Gamma rays are dangerous because they cause cellular damage that leads to DNA damage, cancer and radiation sickness. Because gamma rays are such a high-intensity, ionizing form of radiation, they pass through normal protections, such as skin, clothing, foil and goggles. Only high-mass shielding, such as lead, can stop them.
Radioactive decay, lightning strikes and nuclear explosions emit gamma rays. They also occur during medical procedures, such as X-rays and radiation therapy. During radiation treatment for cancer, radioactive isotopes emit gamma rays in a controlled area to arrest the development of cancerous tumors. However, overexposure to gamma-ray-producing radiation from X-rays, particle accelerators, nuclear reactors or nuclear weapons causes radiation sickness, also known as acute radiation syndrome.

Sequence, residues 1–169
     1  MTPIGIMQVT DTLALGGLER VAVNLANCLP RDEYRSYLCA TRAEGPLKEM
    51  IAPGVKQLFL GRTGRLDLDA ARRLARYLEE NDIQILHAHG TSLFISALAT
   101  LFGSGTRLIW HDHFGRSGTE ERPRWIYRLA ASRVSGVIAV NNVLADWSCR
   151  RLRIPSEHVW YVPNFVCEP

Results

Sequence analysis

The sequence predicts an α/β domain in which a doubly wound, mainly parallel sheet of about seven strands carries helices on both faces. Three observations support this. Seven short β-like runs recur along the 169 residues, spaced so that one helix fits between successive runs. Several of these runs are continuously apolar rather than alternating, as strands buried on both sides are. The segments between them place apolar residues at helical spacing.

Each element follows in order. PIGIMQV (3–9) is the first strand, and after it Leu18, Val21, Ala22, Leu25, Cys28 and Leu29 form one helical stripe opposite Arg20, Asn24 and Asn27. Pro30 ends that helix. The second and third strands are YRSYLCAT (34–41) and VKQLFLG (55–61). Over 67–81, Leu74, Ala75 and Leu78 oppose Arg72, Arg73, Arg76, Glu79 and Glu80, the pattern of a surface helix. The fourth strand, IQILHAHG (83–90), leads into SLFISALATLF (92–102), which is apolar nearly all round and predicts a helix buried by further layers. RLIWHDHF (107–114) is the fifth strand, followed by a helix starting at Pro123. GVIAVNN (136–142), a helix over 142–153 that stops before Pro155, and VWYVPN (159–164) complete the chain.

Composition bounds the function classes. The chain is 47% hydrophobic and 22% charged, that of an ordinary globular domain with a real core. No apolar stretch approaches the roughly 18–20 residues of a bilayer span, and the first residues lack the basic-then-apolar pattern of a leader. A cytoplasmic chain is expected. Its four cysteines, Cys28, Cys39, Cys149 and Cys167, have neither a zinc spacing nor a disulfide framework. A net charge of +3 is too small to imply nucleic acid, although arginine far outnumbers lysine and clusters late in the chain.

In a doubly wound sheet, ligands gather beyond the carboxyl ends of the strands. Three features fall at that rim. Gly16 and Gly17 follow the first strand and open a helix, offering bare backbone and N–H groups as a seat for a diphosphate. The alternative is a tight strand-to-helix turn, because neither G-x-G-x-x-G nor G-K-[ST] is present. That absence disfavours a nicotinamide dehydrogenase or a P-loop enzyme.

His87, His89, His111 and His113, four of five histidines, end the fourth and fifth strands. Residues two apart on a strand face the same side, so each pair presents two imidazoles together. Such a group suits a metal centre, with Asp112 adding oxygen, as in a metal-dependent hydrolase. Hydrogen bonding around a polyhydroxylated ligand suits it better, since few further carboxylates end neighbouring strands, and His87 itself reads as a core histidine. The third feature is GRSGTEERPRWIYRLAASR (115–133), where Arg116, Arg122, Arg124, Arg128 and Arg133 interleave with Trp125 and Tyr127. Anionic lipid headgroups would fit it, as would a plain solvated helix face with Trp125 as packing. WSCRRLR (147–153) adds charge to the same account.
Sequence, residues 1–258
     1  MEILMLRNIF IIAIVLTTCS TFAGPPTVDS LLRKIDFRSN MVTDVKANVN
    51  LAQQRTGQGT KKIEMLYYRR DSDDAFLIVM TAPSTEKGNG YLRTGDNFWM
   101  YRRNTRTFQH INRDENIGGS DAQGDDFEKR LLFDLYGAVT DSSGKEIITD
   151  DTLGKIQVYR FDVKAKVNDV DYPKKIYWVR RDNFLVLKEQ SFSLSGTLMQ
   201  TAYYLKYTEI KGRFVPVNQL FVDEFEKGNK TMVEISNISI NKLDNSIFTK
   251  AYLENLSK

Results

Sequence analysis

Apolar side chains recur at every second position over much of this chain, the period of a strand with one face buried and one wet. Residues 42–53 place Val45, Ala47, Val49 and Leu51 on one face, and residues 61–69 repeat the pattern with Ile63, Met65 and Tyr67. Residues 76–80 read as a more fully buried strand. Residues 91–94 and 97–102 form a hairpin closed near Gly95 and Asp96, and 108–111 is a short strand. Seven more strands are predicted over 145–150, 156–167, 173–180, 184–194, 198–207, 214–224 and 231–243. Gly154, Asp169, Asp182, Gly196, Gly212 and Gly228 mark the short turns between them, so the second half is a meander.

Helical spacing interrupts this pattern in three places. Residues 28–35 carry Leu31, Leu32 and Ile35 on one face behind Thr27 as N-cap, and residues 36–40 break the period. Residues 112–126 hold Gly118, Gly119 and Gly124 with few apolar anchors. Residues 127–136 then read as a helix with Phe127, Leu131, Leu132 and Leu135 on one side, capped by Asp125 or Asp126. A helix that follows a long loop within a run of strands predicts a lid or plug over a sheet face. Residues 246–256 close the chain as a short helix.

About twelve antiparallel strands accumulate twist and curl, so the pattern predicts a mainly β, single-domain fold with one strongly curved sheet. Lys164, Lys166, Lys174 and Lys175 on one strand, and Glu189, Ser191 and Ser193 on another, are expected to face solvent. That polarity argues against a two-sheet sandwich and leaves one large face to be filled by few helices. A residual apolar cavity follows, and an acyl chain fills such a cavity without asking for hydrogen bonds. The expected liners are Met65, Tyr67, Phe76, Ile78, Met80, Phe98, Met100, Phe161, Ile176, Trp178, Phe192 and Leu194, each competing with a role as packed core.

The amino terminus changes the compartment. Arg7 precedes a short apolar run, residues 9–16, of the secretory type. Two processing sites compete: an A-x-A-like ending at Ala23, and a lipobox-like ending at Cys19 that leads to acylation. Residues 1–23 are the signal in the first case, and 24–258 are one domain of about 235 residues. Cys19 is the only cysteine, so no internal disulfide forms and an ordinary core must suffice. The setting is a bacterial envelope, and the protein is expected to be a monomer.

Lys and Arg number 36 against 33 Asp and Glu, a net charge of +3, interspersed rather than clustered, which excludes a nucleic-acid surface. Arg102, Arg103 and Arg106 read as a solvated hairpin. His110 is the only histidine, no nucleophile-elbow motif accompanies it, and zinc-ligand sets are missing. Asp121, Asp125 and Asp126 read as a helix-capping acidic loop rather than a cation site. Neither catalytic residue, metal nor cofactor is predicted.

The amount and duration of exposure to radiation determines the rapidity of radiation sickness onset and its symptoms. Exposure to high amounts of gamma radiation can result in the rapid development of extreme symptoms, followed by death, whereas steady exposure to lower amounts of ionizing radiation can delay symptoms for months. Hematopoietic syndrome is characterized by a loss of blood cells, which complicates healing of conventional wounds after traumas, such as bomb blasts. Gastrointestinal syndrome causes symptoms, such as nausea, vomiting, abdominal pain and appetite loss, and is often followed by death. Neurovascular syndrome is always fatal and occurs rapidly, causing headaches, dizziness and lack of awareness of surroundings. Even when gamma-ray-producing radiation is too low to induce fatality, it can lead to radiation-induced cancer.